Friday, May 15, 2009
* Text informed by Lindis Percy on May 14, 2009
* Image Source/description: same as the article below
'Pvt. Andrew McDowell, far right, of the 1st Brigade Special Troops Battalion, tests the noncombatant evacuation computer system by checking himself into it Tuesday afternoon at U.S. Army Garrison-Yongsan’s Collier Field House. McDowell and other troops from the 1st BSTB in Area I will check in civilians during the Courageous Channel exercise, which begins Thursday and ends Saturday. '
10,000 to practice S. Korea evacuation
By Ashley Rowland, Stars and Stripes Pacific edition,
Thursday, May 14, 2009
Ashley Rowland / S&S
SEOUL — The number of participants in this weekend’s Courageous Channel exercise — essentially a dress rehearsal for U.S. civilians for evacuating South Korea in case of an attack or natural disaster — is expected to climb in Area I, where the number of troops stationed with family members has increased, according to a coordinator for the exercise.
Maj. Jaren Price of the 1st Brigade Special Troops Battalion said about 10,000 people are required to participate in the NEO, or noncombatant evacuation operations exercise. Of that number, about 5,000 to 7,000 — often mothers who register their families while children are in school — will pass through evacuation control centers across the peninsula between Thursday evening and Saturday night.
In addition to U.S. government noncombatants, the U.S. would have to evacuate about 140,000 civilians from South Korea during an emergency, including private U.S. citizens and their families, and citizens of the countries that make up the United Nations Command.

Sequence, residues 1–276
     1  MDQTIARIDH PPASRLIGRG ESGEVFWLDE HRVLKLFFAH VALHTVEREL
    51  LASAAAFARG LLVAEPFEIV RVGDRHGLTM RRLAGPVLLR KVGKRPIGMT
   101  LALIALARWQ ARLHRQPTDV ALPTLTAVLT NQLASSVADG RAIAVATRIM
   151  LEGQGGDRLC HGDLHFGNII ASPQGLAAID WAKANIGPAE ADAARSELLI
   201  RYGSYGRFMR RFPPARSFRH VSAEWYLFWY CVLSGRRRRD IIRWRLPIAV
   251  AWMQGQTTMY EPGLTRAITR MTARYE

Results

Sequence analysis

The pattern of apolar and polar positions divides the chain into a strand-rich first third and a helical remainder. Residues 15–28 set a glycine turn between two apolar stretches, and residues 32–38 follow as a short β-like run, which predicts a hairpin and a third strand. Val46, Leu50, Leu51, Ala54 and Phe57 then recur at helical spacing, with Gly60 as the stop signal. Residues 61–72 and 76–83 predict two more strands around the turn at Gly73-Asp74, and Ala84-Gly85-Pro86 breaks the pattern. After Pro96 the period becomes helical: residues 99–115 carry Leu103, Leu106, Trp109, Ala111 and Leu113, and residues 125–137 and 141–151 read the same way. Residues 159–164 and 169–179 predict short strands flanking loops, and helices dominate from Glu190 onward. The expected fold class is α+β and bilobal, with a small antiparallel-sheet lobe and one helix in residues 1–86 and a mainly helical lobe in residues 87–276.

Family members of U.S. servicemembers, and nonemergency-essential civilian employees and their families, are required to participate in the semiannual exercise.
At each evacuation control center, participants must pass through a series of stations where they practice the steps they would go through during a real emergency: undergoing a security check, giving their car keys to a soldier who would move the vehicle for safekeeping, registering, and receiving a white armband with a bar code on it. That bar code would be used to track them until they arrived at their final destination in the U.S.
Adults and children can also stop at a station and practice putting on gas masks with help from soldiers.
"This is the one day a year they get to practice this," Price said.
A few dozen civilian volunteers will travel from Osan Air Base to Japan on Friday to practice an actual evacuation.
Evacuation control centers will be open from 5 to 10 p.m. Thursday and from 8 a.m. to 10 p.m. Friday and Saturday. The process will take about 30 to 45 minutes during peak hours, Price said.